Colombia 2018: Counter-honeymoon elections and presidential primaries

Colombians have voted today in elections for the two chambers of the congress and in (optional) presidential primaries. I believe Colombia is the only country to hold assembly and presidential-primary elections on the same day. Notably, these are the first elections in which the political party formed by the former guerrilla movement, FARC, is participating.

Colombia is rare among presidential (or semi-presidential) democracies in using counter-honeymoon elections over a long time frame. A counter-honeymoon election is one held late in the presidential term, much closer to the next presidential election.

In fact, I believe that since 1958, only three Colombian congressional elections have not been in the counter-honeymoon: 1970 and 1974 (which were concurrent) and 1991 (which was an early election called by the Constituent Assembly that had been elected the preceding year to create a new constitution).

By the measure of elapsed time between presidential elections, Colombia is about as extreme as can be. The elapsed time of its recent elections, including today’s, has been around 0.95. In other words, when the congress is elected, only 5% of the time between presidential elections remains.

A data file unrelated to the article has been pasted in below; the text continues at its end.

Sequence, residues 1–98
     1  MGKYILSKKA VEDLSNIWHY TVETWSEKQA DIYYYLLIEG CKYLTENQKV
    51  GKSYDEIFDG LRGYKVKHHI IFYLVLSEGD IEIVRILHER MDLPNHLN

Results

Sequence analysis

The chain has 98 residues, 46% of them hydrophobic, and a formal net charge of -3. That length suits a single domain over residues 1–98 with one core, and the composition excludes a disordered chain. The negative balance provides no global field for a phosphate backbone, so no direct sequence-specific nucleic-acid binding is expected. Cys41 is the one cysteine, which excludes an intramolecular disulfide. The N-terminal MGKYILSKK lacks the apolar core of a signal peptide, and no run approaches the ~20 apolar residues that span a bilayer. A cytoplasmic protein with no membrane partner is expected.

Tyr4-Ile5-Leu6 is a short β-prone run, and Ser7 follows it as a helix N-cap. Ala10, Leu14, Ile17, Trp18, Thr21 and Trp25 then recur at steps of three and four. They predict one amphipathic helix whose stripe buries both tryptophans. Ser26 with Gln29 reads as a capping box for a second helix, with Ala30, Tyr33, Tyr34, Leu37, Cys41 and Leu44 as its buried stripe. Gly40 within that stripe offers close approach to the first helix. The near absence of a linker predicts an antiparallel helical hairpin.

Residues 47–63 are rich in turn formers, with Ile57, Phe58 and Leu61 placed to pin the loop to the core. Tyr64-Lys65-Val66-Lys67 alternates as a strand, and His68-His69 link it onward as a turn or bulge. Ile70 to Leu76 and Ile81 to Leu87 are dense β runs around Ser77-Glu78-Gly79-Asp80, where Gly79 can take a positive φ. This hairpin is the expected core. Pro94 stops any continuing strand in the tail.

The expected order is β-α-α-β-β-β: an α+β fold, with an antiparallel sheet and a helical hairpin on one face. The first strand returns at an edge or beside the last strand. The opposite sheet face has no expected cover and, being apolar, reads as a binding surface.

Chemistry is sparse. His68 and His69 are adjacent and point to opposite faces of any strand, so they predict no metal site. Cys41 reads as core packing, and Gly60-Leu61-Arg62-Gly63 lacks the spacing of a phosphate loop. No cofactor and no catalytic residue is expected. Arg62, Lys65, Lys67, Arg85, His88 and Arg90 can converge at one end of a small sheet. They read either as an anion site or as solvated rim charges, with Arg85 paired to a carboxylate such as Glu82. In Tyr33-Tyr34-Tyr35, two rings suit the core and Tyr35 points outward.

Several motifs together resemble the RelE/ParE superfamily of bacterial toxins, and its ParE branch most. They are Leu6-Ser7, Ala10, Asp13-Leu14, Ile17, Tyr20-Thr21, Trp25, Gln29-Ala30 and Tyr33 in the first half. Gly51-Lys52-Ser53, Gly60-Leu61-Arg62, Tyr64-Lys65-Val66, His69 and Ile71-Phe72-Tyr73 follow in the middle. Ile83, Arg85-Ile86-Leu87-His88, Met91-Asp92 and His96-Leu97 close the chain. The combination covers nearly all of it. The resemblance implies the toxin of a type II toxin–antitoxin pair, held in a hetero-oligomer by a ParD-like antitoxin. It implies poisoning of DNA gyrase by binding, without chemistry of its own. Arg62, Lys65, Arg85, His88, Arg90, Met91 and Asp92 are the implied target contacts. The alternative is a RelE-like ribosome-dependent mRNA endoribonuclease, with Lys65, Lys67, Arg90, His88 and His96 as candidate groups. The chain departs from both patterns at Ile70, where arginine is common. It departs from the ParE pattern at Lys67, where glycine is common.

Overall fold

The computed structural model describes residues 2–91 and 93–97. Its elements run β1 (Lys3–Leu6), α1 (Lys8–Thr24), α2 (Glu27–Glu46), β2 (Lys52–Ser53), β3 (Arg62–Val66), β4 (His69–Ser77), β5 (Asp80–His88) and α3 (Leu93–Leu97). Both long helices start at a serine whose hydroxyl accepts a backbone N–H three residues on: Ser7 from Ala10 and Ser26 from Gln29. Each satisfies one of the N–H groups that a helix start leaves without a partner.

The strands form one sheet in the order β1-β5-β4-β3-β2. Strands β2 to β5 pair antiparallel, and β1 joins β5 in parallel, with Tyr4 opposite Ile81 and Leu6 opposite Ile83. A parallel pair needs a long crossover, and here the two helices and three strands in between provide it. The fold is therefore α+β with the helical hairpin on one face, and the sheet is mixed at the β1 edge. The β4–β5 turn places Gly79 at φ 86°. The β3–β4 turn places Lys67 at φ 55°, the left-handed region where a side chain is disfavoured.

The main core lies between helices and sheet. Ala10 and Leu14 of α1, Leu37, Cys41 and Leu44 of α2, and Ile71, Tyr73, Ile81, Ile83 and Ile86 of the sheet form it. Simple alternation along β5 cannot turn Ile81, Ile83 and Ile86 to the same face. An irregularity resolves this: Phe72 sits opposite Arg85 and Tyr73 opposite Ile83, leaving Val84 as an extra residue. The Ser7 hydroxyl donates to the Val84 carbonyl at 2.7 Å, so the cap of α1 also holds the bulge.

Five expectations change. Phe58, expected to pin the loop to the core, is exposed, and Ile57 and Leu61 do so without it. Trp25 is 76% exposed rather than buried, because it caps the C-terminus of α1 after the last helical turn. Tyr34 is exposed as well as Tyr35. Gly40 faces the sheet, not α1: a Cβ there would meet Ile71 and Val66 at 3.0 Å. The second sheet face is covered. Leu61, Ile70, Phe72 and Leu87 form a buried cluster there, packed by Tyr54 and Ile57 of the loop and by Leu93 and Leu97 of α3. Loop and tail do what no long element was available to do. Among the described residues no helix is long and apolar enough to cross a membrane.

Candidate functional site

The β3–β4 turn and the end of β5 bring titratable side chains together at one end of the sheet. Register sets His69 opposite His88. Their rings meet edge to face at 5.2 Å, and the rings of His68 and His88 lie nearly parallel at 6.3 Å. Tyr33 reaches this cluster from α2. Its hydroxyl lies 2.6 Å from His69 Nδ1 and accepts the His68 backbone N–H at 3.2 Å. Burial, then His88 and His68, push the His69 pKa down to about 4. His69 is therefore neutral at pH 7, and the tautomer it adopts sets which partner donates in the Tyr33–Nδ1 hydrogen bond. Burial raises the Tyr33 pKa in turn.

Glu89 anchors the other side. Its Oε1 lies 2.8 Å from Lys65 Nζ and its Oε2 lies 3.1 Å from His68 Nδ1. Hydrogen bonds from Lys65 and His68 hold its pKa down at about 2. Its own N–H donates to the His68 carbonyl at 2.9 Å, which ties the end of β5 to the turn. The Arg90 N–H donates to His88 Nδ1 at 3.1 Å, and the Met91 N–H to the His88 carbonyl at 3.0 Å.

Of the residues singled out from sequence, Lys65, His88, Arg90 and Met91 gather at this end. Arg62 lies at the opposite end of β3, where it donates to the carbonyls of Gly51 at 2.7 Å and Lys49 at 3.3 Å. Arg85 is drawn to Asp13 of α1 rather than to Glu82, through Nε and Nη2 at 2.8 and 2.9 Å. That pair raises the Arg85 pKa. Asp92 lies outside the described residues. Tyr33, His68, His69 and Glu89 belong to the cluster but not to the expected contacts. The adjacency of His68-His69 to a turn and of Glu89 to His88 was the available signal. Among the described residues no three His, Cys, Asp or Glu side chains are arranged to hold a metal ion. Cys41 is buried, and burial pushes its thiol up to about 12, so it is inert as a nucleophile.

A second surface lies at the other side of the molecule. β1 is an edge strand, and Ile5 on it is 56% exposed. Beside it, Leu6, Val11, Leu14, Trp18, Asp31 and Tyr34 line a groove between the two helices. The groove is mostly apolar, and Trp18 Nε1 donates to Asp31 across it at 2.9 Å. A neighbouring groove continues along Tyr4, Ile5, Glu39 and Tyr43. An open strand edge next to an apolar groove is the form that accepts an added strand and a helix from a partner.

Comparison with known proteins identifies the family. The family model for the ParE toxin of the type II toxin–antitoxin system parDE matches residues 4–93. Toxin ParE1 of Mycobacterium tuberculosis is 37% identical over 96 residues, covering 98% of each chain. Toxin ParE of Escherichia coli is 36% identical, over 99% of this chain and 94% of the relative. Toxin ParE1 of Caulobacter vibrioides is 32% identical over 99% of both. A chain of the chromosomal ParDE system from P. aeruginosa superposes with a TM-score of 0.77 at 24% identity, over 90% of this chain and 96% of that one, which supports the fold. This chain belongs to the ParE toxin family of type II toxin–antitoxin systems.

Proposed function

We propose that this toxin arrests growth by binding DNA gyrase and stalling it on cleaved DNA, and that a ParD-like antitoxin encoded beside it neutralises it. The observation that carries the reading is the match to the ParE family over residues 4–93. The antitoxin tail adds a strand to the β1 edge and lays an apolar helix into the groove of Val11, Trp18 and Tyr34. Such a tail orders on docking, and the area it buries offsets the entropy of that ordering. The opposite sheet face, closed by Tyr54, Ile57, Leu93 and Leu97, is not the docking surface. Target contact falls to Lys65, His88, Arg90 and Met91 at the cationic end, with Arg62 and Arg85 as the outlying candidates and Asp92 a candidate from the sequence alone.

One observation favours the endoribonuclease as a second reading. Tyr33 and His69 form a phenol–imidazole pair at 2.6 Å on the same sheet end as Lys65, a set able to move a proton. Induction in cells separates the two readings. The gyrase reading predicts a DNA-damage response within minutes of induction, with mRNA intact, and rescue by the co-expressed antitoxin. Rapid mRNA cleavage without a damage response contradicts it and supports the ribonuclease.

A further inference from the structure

Among all elections from presidential systems in the dataset used for Votes from Seats, the mean elapsed time is 0.268. However, most assembly elections in the wider world of presidential democracies are concurrent. If we eliminate these from the sample, the mean is 0.540. In other words, on average, non-concurrent elections tend to be held around the midterm. But the range is large. The minimum is 0.164 (France 1988; the 2017 honeymoon election France also had a similar value). The maximum is 0.992 (Poland 2005; another near the maximum was El Salvador 2009).

When an election is this late in a presidential term it is likely to be essentially a preliminary round of competition for the upcoming presidential election. I wrote about this effect in Colombia in 2010. That would be the expected effect even if there were no presidential candidates on the ballot, but in Colombia, there are. Parties that choose to hold a presidential primary (consulta) hold them on the same date as the congressional elections. The first such primary was held by the Liberal Party at the same time as the 1990 congressional elections. And most congressional elections since then have featured one or more primaries.

There were two primaries in Colombia today. They were not actually party primaries, but something new for Colombia (and rare anywhere): alliance primaries. There is a right-wing alliance holding a primary among three candidates, including those of the Democratic Center (the party led by former President Alvaro Uribe and strongly opposed to the peace terms the FARC received) and the Conservative Party. Then there is a left-wing alliance holding a primary among two candidates. In addition, there are other parties that already have nominated candidates for the upcoming first round of the presidential contest itself, and thus are not holding primaries. The primaries are “open” in the sense that any voter may request either one of the primary ballots. (See details at AS-COA.)